KARACHI: Panellists of the session, titled 'The Birth of Two Nations', at the 8th Karachi Literature Festival on Sunday were posed with the question: Was Partition the birth of two nations or two states?
Reasons for Partition were pondered upon as the session. Historian Ayesha Jalal, political and peace activist Syed Hasan Khan and history professor Roger Long spoke at the event.
According to Jalal, Partition was of two states, not nations. She said Muslims are a nation and more than half of them were left behind in India - a mistake the Congress is responsible for as well. "It is a diverse nation state," said Jalal.
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Khan quoted Mohammad Ali Jinnah as saying, "What is Bengal without Calcutta?" According to him, Jinnah was not very pleased with Pakistan and Partition did not come through his consent. "It was a birth of three nations with a pregnant Bangladesh." He added that Jinnah had no option but to accept the Partition. He went on to humorously add: "Pakistan actually came [into being] when Mohammad bin Qasim arrived."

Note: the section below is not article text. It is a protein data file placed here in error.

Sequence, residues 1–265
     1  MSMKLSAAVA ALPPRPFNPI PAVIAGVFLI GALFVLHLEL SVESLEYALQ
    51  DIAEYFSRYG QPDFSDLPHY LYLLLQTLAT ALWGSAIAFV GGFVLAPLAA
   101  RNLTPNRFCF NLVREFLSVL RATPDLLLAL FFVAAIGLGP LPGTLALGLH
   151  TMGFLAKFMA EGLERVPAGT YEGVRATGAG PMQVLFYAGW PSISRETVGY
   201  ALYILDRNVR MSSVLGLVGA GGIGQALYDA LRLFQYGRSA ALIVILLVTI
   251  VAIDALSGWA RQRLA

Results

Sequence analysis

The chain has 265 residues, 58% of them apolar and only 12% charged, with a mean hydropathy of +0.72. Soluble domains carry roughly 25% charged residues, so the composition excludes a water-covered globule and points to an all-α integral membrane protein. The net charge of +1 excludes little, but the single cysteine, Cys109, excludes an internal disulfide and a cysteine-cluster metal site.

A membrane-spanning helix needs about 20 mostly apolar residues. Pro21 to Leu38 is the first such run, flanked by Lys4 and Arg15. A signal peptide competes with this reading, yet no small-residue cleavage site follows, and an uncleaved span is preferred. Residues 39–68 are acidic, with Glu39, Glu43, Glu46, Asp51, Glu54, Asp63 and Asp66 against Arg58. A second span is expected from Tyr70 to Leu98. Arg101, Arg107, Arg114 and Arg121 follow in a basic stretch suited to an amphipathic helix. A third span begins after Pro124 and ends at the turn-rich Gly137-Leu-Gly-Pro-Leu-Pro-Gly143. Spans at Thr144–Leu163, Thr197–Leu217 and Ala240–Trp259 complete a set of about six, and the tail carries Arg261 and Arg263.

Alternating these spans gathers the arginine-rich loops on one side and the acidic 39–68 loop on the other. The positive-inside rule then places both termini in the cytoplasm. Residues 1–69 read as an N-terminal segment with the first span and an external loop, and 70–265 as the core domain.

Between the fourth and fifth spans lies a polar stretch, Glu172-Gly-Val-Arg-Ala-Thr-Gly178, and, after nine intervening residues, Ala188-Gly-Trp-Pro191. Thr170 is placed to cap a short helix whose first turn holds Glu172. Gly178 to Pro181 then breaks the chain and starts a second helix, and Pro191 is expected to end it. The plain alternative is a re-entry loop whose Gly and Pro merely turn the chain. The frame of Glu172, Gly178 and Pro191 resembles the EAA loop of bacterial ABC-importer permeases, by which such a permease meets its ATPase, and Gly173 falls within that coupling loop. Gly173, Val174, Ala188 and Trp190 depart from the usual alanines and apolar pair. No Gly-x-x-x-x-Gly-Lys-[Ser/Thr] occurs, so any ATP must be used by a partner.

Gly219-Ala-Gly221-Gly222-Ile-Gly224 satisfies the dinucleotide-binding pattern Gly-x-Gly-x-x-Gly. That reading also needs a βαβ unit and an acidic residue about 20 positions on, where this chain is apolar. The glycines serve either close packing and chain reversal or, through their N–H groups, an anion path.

According to Long, 'there are many founders of Pakistan'. He was of the view that there were quite a few reasons that led to Jinnah's movement, most important of which was 'the sole spokesman and the blunders made by the Congress'. 'The seed of Pakistan', said Long, bore when the Muslim League wanted equal power with the Congress. This would not have been possible if the Congress did not have power-sharing issues.
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Jalal stated that to say Pakistan is an Islamic nation is incorrect. According to her, Pakistan is a state made for the Muslims of the Subcontinent out of 'murderous hatred'. She called Pakistan 'an umbrella for the Muslims'.
Khan was of the view that the Partition was of a nation, the Muslims, which was imposed on Jinnah. 'A Partition of Muslims', he called it.
"This is our homeland, a land given to just us, so we should be grateful," said Jalal. As for politics, she added, it is the art of the possible.